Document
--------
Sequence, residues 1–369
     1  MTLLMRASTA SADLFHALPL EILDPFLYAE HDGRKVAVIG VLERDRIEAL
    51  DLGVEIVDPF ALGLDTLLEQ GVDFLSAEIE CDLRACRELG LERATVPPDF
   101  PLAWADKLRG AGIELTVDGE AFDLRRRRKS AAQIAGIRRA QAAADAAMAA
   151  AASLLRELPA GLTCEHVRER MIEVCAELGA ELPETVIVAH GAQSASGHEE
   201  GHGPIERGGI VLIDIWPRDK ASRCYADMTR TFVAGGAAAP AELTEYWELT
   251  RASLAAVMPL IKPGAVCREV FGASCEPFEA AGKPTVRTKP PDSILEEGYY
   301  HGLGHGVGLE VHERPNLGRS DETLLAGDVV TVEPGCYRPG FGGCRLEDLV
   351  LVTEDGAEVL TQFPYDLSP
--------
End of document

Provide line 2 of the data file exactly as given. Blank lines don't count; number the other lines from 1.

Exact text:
     1  MTLLMRASTA SADLFHALPL EILDPFLYAE HDGRKVAVIG VLERDRIEAL